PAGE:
Brand Theory

How to Beat Alabama OR What’s Your Brand’s Red Dress?

QV Brands What is Your Brand's Red Dress

When formulating your brand strategy and tactical plan, one single “trick play” trumps all the rest: be different/be remarkable in order to gain the attention of the marketplace.

I know I say this all the time, but reality is awfully persistent, and this strategy, when executed well, has remarkable consistency in accomplishing branding and revenue growth goals.

Be bold and prosper.


How to Beat Alabama OR What's Your Brand's Red Dress?

When formulating your brand strategy and tactical plan, one single “trick play” trumps all the rest: be different/be remarkable in order to gain the attention of the marketplace.

I know I say this all the time, but reality is awfully persistent, and this strategy, when executed well, has remarkable consistency in accomplishing branding and revenue growth goals.

Be bold and prosper.


The Miley Cyrus School of Twerking Your Brand

Twerking Your Brand QUO VADIS

Miley Cyrus’ performance at the VMAs has set social media and news tongues wagging, but beyond the histrionics about her role in escalating the fall of our modern Rome, there are some branding lessons to be learned regarding her effective use of the distinctiveness heuristic (see our video on the art and science here). specifically, the way she’s activated an iconographic brand element. Note in the photo above how her face mirrors the design on her costume, and recall how, leading up to the VMAs she began using this expression, reinforced it throughout her performance, and continues to do so afterwards.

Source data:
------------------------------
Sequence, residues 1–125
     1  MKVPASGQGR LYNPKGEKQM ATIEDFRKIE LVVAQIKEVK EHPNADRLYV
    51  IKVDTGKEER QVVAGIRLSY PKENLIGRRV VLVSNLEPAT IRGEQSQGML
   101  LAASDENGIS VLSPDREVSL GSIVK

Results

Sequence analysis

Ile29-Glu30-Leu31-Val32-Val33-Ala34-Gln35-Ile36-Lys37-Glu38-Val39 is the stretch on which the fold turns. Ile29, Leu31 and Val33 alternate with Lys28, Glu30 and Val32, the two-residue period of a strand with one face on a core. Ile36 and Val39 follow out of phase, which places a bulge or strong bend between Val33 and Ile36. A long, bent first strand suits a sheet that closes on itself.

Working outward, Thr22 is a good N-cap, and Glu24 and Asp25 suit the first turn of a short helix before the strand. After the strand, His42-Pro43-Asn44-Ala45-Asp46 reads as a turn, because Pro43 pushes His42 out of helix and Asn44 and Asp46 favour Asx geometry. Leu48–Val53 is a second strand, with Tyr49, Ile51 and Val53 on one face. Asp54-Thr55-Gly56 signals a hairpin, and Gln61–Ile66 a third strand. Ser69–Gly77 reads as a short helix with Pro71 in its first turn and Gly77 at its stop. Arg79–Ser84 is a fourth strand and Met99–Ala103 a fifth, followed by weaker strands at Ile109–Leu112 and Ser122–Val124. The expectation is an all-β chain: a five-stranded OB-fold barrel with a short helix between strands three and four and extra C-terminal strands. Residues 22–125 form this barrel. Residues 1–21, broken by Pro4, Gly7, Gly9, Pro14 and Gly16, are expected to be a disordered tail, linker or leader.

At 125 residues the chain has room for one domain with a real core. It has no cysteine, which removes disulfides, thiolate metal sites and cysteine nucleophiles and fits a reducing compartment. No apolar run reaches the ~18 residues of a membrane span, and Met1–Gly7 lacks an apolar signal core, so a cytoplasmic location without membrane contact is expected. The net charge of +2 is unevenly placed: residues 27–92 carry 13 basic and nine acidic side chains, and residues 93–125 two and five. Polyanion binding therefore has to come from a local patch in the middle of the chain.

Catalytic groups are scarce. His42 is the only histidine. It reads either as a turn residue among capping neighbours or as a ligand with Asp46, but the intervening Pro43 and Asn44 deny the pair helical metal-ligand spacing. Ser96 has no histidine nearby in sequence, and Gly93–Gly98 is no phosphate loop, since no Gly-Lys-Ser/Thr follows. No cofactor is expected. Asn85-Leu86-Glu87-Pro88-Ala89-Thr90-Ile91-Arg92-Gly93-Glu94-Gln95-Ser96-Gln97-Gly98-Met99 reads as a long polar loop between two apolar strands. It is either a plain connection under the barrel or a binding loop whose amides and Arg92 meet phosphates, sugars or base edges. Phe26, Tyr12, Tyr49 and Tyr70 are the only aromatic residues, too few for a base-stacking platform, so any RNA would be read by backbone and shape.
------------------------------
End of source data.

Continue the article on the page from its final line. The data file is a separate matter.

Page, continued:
Quite sophisticated (and very effective) branding if you asked me—regardless of the questionable taste of her performance.

More of my thoughts about how to activate your own brand’s iconography, here in this video:

Be bold and prosper.


Rick Julian is an award winning Creative Director and Brand Strategist at his agency QUO VADIS, a branding agency in Atlanta, GA.

Dove Rant

Let’s make a deal Dove, advertising agencies will quit enhancing models when you quit:

1. Hiring them to groom your products’ brands in a way that’s a wee bit detached from the reality of their  benefit at a scientifically established physiological level.

2. Remove all colors and perfumes that mask the true look and smell of your product and its chemical constituents.

3. Featuring product photography that represents an idealized version of a pristine bar of soap vs. the dinged and dented bar that usually comes out of the box we purchase.

4. Using music in your videos that predisposes me to feel you’re warm and friendly, when in fact you’re a cubicle farm corporation populated by stressed, overworked, and often grumpy people like the rest of us.

5. Ironically hiring an agency to create a video about deceptive agency practices made by an agency who in the very act of making this video is practicing the deception of (subtextually) claiming it doesn’t practice such deception itself. (The mirror in a mirror effect of that fine sentence made me effin woozy.)

Look, i know we as a society run a head trip on women–we do it to men too, in ways that get far less attention.

As the father of a six-year old girl, I want her to grow up with a healthy body image, and exaggerated representations of beauty ideals isn’t helping. But honestly, this is what humans do and always have done since Neanderthals began dabbing colored mud on their faces.